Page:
The Earthjustice organisation provided legal support to the government of Palau during the development of the legislation, ensuring that the government would still be able to meet the requirements of its international treaties following the implementation of the Act. The Earthjustice international programme attorney, Erika Rosenthal, described the sanctuary as,

a major contribution to healthy oceans and reef systems that are more resilient to climate change, both for the people of Palau and for the world. Ocean biomass conservation—through fisheries conservation and management and marine protected areas — is critical to maintaining the ocean’s function as an effective carbon sink.

The President assured the UN oceans conference in 2017 that Palau would remain open and welcoming to international visitors, noting that his country would continue to promote scuba diving, snorkelling and eco-tourism. The reduction in commercial fishing would be offset by growth in other areas, he said.

We’re not just closing our waters and throwing away the key. We’re closing our waters because we will do our part in making sure that there’s healthy stocks of fish in Palau that can migrate to other places, and that there are other options to grow the economy. These are important ways to make a living and at the same time preserve the pristine environment that we have been blessed with in Palau.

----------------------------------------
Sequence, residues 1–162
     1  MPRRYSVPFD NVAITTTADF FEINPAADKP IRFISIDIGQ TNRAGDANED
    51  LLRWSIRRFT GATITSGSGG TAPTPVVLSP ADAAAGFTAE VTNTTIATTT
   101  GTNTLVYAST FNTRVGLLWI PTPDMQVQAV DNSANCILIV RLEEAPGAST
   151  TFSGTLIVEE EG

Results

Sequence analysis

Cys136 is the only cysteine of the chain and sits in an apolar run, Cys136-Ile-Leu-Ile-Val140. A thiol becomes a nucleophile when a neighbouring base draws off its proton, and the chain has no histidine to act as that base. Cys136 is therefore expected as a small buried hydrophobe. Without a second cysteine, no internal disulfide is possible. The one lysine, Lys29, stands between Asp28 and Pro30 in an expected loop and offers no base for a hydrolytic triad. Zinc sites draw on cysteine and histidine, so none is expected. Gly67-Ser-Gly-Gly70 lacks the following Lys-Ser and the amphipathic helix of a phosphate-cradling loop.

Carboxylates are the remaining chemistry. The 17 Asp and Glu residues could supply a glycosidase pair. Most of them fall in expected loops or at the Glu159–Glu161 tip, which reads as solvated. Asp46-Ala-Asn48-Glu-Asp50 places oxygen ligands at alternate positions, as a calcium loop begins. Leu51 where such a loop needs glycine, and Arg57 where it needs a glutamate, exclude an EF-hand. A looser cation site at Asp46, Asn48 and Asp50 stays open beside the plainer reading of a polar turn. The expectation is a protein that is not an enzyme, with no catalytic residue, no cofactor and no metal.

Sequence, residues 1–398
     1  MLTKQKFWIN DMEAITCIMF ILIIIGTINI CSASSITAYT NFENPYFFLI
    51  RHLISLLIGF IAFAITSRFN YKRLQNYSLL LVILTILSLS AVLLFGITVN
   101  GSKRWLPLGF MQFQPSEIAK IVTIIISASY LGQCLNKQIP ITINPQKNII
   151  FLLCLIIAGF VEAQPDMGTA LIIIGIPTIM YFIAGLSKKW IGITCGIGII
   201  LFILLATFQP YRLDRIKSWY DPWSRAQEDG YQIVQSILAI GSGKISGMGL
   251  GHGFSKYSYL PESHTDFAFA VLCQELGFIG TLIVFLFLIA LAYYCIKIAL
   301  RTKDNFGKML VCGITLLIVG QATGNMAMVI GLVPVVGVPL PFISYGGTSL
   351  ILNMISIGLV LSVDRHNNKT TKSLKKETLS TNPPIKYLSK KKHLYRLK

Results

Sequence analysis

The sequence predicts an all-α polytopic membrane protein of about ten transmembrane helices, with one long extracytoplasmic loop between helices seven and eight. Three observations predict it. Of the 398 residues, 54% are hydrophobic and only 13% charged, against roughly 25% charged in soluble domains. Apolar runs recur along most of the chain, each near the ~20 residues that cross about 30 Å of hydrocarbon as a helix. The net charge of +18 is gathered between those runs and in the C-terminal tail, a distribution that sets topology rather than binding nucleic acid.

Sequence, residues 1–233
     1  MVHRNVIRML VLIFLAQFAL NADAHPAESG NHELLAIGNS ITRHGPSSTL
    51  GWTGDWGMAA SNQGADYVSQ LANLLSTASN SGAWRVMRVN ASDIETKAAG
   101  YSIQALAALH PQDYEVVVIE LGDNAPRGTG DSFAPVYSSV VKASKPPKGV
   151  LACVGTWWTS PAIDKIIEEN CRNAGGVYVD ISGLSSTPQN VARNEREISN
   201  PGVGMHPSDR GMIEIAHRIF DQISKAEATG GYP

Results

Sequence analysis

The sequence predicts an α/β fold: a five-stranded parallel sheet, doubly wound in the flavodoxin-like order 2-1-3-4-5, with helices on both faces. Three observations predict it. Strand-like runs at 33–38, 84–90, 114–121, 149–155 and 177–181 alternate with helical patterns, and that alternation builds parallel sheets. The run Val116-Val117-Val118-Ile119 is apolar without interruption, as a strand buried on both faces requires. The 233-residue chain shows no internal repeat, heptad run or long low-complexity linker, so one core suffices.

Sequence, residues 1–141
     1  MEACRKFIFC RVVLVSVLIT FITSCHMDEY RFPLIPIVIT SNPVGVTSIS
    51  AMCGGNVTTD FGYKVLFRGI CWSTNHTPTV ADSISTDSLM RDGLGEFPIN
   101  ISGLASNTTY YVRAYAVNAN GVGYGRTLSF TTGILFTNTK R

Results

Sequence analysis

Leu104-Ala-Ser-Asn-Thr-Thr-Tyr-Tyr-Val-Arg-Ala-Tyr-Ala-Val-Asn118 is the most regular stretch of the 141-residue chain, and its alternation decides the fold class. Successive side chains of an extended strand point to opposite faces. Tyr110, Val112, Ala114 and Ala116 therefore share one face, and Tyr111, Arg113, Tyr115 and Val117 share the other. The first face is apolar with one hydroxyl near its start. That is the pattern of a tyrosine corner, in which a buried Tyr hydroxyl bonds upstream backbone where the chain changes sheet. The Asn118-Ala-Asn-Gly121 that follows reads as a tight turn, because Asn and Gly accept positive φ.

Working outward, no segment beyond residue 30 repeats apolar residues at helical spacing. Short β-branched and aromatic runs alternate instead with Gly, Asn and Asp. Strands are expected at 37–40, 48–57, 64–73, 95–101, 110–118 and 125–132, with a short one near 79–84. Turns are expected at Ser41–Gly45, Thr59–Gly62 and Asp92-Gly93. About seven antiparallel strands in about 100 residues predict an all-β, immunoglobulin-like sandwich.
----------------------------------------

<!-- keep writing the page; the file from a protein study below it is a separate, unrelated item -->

Thinking globally, acting locally

The unparalleled experience and expert knowledge of Palauan fishermen has been exploited to full effect in the development of the country’s legislation and conservation projects. Local knowledge is an invaluable resource, particularly in terms of identifying the areas in need of protection.

Since 2003, the Protected Area Network law (PAN) has designated 21 areas of the country for special protection, and discussions are being held with local leaders to identify other vulnerable spaces.

Scientists are of course also being consulted, and technology used where appropriate to gather the richest possible knowledgebase.

The legislation has been developed to respond to the needs of local ecosystems and to meet the country’s commitments under the Convention on Biodiversity (CBD). It has taken to heart the environmentalist principle of ‘thinking globally but acting locally’, and has trained its sights of the local needs, whilst simultaneously seeking to constitute a model of best practice for other nations.